Regensburg 2019-20 Review: La Fida Ninfa

Sara-Maria Saalmann Stars In Johannes Pölzgutter’s Impressive Staging

By Alan Neilson
(Photo: J.Quast)

Theater Regensburg’s new production of Vivaldi’s “La Fida Ninfa” was a bold, ambitious, and possibly even reckless, decision for a provincial opera company with a non-specialist baroque orchestra, and a group of singers who, with one or two exceptions, have limited experience in singing baroque opera.

Yet, it is illustrative of the extent to which Vivaldi’s operas are now being accepted into the mainstream, after an absence of over 250 years.

Managing a True Challenge

Written in haste for Verona’s Teatro Filharmonico in 1732 to a libretto by Scipione Maffei, the narrative fits into the pastoral tradition, with a fairly banal plot that revolves around the usual sequence of abduction, mistaken identity, love and betrayal, culminating in a lieto fine.

Vivaldi’s music, however, dazzles.

The arias and ensembles are inventive, full of florid passages and engaging melodies, and its connection to the dramatic situation is carefully managed. The overall effect raises the work to a level not suggested by the libretto alone.

It is an opera which requires singers and an orchestra with excellent technique, immersed in the tradition of the baroque; significantly, contemporary accounts remark on the challenging music for the singers.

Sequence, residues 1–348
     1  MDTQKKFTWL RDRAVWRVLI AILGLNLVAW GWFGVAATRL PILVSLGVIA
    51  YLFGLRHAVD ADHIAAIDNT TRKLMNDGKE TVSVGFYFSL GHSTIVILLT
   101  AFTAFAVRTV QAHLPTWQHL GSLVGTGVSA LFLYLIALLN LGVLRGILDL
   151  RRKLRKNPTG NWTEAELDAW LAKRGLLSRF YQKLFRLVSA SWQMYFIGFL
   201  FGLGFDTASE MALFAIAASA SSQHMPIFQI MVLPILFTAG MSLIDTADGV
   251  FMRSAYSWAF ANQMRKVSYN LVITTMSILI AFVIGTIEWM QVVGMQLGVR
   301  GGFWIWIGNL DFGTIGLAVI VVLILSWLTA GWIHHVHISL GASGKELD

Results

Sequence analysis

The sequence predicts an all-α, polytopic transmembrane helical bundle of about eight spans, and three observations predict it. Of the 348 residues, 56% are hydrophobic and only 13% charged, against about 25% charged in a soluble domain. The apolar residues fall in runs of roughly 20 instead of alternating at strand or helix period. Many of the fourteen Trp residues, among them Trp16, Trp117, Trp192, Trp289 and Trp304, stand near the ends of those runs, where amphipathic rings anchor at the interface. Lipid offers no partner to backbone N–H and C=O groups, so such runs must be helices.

It was, therefore, never going to be an easy work to mount in the circumstances.

However, under resident musical director Tom Woods, the Philharmonisches Orchester Regensburg, augmented by an early music continuo, produced a persuasive performance which contained the necessary energy, rhythmic attack and frisson to bring the opera alive.

The overall approach, however, did tend to err on the conservative side, so that potential flashy and mesmeric ornamentations never truly caught the imagination. There was a good balance within the orchestra and its sound had a pleasing depth  from which the musical detail was allowed to emerge.

Generally Woods was successful in his support for the singers, the one notable exception being Elpina’s first act aria “Aure lieve che spirate,” which although being very lightly scored, tended to drown out the singer, who struggled to be heard. Overall, however, it was a more than commendable performance.



Childhood Trauma

The director for this production was Johannes Pölzgutter. He produced an imaginative and dramatically engaging staging, which turned Maffei’s bland libretto into an compelling piece of theatre, updating it to the present day and allowing the narrative to drift between the brutal reality of modern day slavery and the characters’ inner fantasy world, which they adopt as a survival strategy.

Maffei’s pastoral concerns two children, Morasto and Licori, who fall in love and pledge their undying fidelity to each other. Unfortunately, Licori and her sister Elpina, along with their father Narete, are kidnapped and taken to an island run by Oralto. His servant is none other than Morasto, who had also been kidnapped years earlier. He recognizes Licori, but she fails to recognize him and is determined to be true to her lover from whom she was separated as a child.

Eventually the gods intervene and they are reunited. It is a simple, sentimental tale, although one which Vivaldi, through his music, turns into an emotionally turbulent and intense work.